The Secret Six • Chicken You Can Roost Behind The Moon

Secret Six Chicken CDThe Secret Six (named after abolitionist John Brown’s Secret Society of Six) has been active since its formation in 2020. A fixture in New Orleans since the beginning of the pandemic, the group performs a wide variety of vintage jazz and blues along with some unexpected departures.

The Secret Six’s personnel has varied a bit during the past three years. On their recent CD Chicken You Can Roost Behind The Moon, ten musicians are listed although everyone is not on every selection. Unfortunately the lack of liner notes makes it difficult to know who most of the soloists are during a particular track. Listed in this order are Nathan Wolman and Zach Lange on trumpets, Hunter Burgamy on guitar and banjo, banjoist James McClaskey, bassist John Joyce, Defne “Dizzy” Incirliogio on washboard, Satoru Ohashi doubling on trombone and trumpet, Jory Woodis on clarinet and saxophones, trombonist Haruka Kikuchi, and clarinetist Craig Flory. In addition, 13 of the 18 selections have vocals by Burgamy, McClaskey, Joyce, or Lange.

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The group’s repertoire is wide-ranging and the band’s playing is versatile. Not that many groups can perform credible versions of “Tears” and “Snake Rag” (from King Oliver’s Creole Jazz Band in 1923), Blind Boy Fuller’s “Step It Up And Go,” the Dallas String Band’s “So Tired,” the swing era ballad “Nevertheless,” Lonnie Johnson’s “Jelly Roll Baker,” and Louis Armstrong’s “Hotter Than That.” To the Secret Six’s credit, they hint at rather than directly copy the earlier recordings, playing the music in their own way. In some cases they largely reinvent the song. For example, “Singing The Blues” is taken as a vocal ballad rather than a Bix tribute, and even the two King Oliver pieces include some breaks that differ from the original recordings.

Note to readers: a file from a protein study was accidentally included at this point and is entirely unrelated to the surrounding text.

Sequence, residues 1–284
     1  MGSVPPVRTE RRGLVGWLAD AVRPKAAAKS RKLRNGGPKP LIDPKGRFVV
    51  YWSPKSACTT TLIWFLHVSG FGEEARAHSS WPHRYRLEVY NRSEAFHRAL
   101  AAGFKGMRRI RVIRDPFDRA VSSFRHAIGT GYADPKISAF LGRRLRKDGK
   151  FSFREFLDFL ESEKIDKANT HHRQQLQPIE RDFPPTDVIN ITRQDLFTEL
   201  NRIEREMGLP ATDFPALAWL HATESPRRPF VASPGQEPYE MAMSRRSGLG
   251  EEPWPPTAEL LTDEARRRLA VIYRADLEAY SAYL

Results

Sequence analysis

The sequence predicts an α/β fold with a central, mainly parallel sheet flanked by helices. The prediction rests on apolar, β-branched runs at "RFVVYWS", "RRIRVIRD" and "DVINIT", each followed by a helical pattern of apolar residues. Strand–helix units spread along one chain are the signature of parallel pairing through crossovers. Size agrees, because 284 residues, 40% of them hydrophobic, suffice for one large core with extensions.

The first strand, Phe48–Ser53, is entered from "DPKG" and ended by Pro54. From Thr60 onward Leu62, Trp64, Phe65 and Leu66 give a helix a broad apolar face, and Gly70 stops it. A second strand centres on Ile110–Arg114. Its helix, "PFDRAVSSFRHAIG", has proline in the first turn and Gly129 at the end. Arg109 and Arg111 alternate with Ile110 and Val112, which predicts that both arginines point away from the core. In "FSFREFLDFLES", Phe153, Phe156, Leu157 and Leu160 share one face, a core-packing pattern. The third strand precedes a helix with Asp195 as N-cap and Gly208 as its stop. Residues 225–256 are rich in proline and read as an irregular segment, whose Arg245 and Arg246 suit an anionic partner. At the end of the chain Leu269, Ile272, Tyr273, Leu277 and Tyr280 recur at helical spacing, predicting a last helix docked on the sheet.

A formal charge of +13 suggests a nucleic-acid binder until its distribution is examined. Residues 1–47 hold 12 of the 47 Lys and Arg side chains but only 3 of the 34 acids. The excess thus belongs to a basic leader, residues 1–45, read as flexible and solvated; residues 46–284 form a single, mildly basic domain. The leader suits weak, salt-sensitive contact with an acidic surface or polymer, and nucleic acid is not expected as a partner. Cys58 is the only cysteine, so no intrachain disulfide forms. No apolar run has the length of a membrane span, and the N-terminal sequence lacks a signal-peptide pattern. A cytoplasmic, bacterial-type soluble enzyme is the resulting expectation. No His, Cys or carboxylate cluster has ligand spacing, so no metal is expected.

While not everything is flawless and the Frank Stokes title cut outlasts its welcome, overall this is a highly enjoyable set filled with lively solos, ensembles, and spirited vocals.


Scott Yanow

Since 1975 Scott Yanow has been a regular reviewer of albums in many jazz styles. He has written for many jazz and arts magazines, including JazzTimes, Jazziz, Down Beat, Cadence, CODA, and the Los Angeles Jazz Scene, and was the jazz editor for Record Review. He has written an in-depth biography on Dizzy Gillespie for He has authored 11 books on jazz, over 900 liner notes for CDs and over 20,000 reviews of jazz recordings.

Yanow was a contributor to and co-editor of the third edition of the All Music Guide to Jazz. He continues to write for Downbeat, Jazziz, the Los Angeles Jazz Scene, the Jazz Rag, the New York City Jazz Record and other publications.

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